Dr. Anthony Johnson, is the chairman of the American Physical Society's Committee on Minorities in Physics and a distinguished member of the technical staff at AT&T Bell Laboratories, Holmdel. He strongly encourages any student studying physics in college to get some industrial experience through summer programs that give a view of what it is that "real" physicists do. When asked to cite one of the things he likes most about the physics field, he remarked, "If your skills come across, then the barriers tend to drop. Physics is truly an international subject."

That advice is echoed by Dr. Shirley Jackson, professor of physics, Rutgers University and distinguished member of technical staff at AT&T Bell Laboratory, Murray Hill. "If given the opportunity to do experimental science as a high school or undergraduate student, go for it. Get involved in science projects, in science clubs, science fairs, summer work, study programs, and in summer research programs."

Dr. Jackson also cautions that students understand that all physicists are not geniuses. There is room in the field for those who work hard, who understand the basic principles, and who simply enjoy the work. She further admonishes that just because you can work difficult problems on paper does not guarantee that the world will beat a path to your door. You must be able to translate your knowledge into useful information. You must be able to converse intelligently with others.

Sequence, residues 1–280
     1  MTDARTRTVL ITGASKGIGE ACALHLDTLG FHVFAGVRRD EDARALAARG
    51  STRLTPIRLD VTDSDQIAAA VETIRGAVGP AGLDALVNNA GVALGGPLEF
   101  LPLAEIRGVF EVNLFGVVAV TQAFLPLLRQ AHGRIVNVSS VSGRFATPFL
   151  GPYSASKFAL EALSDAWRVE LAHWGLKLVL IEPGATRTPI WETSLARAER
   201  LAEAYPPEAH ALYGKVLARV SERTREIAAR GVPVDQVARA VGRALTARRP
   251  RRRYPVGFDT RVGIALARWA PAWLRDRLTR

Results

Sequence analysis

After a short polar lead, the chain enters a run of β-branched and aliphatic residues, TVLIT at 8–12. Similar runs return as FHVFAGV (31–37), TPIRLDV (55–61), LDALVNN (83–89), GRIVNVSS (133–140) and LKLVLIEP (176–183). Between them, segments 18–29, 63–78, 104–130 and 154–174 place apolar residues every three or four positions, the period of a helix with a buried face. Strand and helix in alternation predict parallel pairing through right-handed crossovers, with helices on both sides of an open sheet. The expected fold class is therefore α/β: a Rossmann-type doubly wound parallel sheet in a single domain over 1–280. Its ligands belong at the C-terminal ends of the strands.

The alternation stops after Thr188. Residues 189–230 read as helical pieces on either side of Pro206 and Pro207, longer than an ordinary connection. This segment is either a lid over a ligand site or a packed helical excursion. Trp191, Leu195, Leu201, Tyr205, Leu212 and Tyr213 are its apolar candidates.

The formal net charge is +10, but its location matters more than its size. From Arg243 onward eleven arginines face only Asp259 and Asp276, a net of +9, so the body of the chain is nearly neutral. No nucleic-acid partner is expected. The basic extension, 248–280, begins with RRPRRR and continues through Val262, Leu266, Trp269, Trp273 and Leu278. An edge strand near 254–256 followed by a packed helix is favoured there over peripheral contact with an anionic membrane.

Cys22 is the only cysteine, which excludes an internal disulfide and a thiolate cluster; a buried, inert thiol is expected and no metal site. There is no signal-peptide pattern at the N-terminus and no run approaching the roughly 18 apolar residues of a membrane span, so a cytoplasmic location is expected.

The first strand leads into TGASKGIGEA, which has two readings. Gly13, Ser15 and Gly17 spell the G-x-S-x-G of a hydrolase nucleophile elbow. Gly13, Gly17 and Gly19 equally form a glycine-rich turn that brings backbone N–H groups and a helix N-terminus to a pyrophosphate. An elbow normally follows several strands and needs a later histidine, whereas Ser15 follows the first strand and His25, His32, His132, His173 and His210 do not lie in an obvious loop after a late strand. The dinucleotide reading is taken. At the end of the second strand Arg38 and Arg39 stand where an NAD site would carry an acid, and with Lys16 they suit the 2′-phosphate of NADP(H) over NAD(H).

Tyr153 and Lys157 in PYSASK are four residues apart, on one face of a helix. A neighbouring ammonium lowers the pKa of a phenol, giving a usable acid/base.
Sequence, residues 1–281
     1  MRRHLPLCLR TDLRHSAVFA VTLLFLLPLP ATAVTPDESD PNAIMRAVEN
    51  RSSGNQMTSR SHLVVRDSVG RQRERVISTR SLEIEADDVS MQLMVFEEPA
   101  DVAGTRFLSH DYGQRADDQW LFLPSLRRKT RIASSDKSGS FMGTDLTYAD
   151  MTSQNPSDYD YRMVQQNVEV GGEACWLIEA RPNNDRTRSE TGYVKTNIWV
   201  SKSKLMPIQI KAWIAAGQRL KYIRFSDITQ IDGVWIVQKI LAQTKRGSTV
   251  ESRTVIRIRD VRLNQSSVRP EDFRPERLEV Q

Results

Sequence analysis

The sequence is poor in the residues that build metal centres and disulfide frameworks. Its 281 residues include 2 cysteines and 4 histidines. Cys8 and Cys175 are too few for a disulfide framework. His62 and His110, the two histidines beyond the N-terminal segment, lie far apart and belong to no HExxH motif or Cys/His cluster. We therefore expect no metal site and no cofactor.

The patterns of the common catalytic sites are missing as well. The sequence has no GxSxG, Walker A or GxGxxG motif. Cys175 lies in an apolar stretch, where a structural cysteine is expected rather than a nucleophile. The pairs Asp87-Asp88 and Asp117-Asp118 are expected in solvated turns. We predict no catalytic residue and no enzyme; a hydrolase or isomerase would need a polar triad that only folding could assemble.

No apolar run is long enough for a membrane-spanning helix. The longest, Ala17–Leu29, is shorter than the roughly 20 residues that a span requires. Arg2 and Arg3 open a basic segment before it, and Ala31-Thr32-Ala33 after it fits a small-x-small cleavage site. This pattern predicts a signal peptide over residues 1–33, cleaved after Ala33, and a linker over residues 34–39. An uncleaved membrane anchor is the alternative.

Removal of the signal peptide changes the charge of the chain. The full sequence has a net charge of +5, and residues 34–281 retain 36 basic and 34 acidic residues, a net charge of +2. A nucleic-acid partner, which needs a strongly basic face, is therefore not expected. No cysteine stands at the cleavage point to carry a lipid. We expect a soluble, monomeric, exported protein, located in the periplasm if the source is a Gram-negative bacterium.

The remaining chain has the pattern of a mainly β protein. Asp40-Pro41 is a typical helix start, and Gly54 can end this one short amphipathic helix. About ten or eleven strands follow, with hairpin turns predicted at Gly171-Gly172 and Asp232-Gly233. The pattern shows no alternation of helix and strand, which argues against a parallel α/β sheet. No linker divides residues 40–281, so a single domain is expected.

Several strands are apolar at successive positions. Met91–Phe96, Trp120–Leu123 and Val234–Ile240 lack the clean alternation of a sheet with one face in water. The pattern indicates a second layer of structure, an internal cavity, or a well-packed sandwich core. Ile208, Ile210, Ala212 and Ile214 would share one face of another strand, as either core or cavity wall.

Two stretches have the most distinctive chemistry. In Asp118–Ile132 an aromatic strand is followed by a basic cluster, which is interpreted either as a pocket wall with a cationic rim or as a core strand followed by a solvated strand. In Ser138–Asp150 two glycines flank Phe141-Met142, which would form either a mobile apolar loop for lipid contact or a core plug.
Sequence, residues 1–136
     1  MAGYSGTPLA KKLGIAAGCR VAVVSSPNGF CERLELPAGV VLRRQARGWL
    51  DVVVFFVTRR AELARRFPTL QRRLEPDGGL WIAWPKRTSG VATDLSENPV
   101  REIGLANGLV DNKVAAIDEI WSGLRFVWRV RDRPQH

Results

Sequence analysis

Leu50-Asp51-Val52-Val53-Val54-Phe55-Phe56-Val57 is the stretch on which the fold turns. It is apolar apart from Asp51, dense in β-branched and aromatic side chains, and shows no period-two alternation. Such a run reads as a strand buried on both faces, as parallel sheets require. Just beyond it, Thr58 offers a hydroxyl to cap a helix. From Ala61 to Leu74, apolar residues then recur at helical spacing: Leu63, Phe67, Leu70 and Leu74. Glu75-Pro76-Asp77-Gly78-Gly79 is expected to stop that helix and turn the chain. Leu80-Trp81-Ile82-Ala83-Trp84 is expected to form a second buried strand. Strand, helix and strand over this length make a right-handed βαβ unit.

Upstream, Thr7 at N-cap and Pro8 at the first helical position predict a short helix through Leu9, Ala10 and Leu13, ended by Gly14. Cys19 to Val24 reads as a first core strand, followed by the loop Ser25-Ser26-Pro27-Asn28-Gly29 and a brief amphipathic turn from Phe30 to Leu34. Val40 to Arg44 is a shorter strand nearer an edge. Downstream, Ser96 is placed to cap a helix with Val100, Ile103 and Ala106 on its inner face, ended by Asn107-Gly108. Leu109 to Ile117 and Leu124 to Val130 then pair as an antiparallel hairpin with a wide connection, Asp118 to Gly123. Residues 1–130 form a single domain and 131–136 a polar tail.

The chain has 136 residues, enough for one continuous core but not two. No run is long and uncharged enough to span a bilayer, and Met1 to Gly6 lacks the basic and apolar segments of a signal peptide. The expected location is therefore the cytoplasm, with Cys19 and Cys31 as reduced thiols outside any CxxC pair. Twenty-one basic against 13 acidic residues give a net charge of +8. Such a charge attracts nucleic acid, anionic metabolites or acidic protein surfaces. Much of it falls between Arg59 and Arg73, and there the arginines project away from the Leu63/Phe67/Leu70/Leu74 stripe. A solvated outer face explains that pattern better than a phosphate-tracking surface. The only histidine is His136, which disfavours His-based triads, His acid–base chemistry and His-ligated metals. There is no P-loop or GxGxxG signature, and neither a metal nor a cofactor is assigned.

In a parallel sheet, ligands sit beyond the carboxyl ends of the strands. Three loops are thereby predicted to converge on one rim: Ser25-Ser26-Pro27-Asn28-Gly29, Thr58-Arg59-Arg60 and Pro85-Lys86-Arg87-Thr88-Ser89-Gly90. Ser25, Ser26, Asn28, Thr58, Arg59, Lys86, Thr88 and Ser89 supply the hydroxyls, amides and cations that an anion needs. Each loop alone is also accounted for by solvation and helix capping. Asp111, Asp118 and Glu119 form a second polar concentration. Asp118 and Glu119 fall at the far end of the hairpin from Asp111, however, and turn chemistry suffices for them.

Opportunities in Physics

As the recipient of a B.S. degree in physics, what can you expect to do? To answer this question, we will look at a recent report published by the American Institute of Physics.